Do we smell a Tony nomination?

Jennifer Garner continues her emergence from maternity leave, sniffing out a starring role in the Broadway revival of the proboscis-powered romantic classic Cyrano de Bergerac.

She'll play as Roxanne to Kevin Kline's schnoz-enhanced hero in the limited-engagement production, which kicks off Nov. 1 at the Richards Rodgers Theater. The show will run through Dec. 23.

Daniel Sunjata will play Roxanne's other suitor, the handsome if inept Christian.

The new production of Edmond Rostand's 1897 magnum opus features a translation and adaptation by Anthony Burgess (A Clockwork Orange).

This will be Garner's Broadway debut. The 35-year-old former Alias star took nearly a year off from acting following the birth of her and husband Ben Affleck's daughter, Violet, in December 2005.

She most recently appeared onscreen in the January bomb Catch and Release, which was actually shot before Violet's birth. Garner has two other films set to unspool this year.

First up is the terrorism thriller The Kingdom, also starring Jamie Foxx, Chris Cooper, Jeremy Piven and Jason Bateman and due out Sept. 28.

Garner also appears in the dramedy Juno with Bateman, Michael Cera, Allison Janney, Rainn Wilson and Ellen Page. The film premieres at next month's Toronto International Film Festival and is set for limited theatrical release in December.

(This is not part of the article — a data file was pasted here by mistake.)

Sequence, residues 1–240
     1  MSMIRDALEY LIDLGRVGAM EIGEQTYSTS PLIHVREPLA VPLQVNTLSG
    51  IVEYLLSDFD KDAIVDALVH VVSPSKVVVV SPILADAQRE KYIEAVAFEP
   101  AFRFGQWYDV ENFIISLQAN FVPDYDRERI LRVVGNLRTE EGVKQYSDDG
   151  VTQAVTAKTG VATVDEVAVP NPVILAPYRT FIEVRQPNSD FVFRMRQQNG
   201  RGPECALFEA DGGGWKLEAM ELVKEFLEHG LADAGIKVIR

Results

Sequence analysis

Garner no doubt hopes her premiere performance on the Great White Way is better received than Julia Roberts'. The Pretty Woman took to the boards in Three Days of Rain during her own comeback from baby-tending duties but failed to endear herself to theater critics.

Of course, Kline has made a career of endearing himself to critics. The actor, who has two Tonys to go along with his Oscar, will be Broadway's first Cyrano in more than 20 years.

Derek Jacobi last played the role in a 1984 Royal Shakespeare Company production. José Ferrer, arguably the most famous modern Cyrano, starred in a 1946 revival and won an Oscar for the 1950 film version. And Steve Martin memorably parodied the play in his hit 1987 big-screen comedy Roxanne, with Daryl Hannah.

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